For caustic media, a bi-colour gage is usually chosen to provide protection for the crystal. The gage comprises of a vertically oriented, slotted steel frame with a powerful simple front and back glass.

The front and rear surfaces of the body are in vertical planes that are not parallel. Behind the reference body are light sources, typically red and green, with two quite distinct colors. The fluid area looks blue to the viewer due to the distinct refraction of blue and blue light, while the gas area looks purple

Magnetic Level Gauges

The magnetic value gage does not take an immediate view of the point (i.e., glass is not needed), the test room can be transparent and the building of welded steel is usually used.

This significantly improves the variety of working temperatures and reduces the roughness relative to test glass rooms. The broad temperature spectrum is feasible because the chamber of measurement can have about the same heat growth ratio as the ship, and there is no plastic to interact with the chamber of steel.

This article comes from automationforum edit released

Technology Selection for Automatic Tank Gauge

Complete, and Completely Flexible

All of the options you need, and none of the complexity you don’t: That’s what the automatic tank gauge and Environmental solution delivers.

Complete, and Completely Flexible

We deliver a complete, integrated automatic tank gauge and forecourt solution that’s also completely flexible. It offers a variety of hardware and software options that can be included from the start, or retrofitted remotely to meet changing needs. It’s also designed to integrate seamlessly with the forecourt system for full visibility into all aspects of operations. Adding capabilities and expanding to more sites is as easy as adding modules.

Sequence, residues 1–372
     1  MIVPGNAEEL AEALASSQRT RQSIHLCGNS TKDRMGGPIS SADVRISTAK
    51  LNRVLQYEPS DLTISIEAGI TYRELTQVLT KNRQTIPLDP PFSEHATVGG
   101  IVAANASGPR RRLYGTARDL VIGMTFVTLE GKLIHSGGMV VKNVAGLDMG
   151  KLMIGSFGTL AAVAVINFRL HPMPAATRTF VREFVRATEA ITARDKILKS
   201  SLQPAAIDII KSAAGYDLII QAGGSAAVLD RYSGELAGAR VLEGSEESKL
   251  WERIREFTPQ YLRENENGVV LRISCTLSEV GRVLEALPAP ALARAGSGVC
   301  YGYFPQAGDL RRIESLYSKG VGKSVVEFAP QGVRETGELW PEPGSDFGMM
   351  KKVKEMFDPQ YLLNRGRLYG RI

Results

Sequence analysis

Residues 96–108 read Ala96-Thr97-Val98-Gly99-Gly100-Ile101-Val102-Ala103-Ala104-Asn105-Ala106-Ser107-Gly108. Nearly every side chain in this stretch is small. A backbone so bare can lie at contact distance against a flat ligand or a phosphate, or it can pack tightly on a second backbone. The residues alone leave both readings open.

A streamlined automatic tank gauge platform with a multitude of flexible options

All of the options you need, and none of the complexity you don’t: That’s what the automatic tank gauge delivers. The automatic tank gauge platform requires no automatic tank gauge specific console, minimizing the basic number of components required and lowering the initial system investment.

This article comes from wayne edit released

Measurement Technologies of Level Gauge

Level gauges take level readings using several different techniques. The measurement technology should be chosen based on the user’s application. These level sensors also have different display options based on user preference.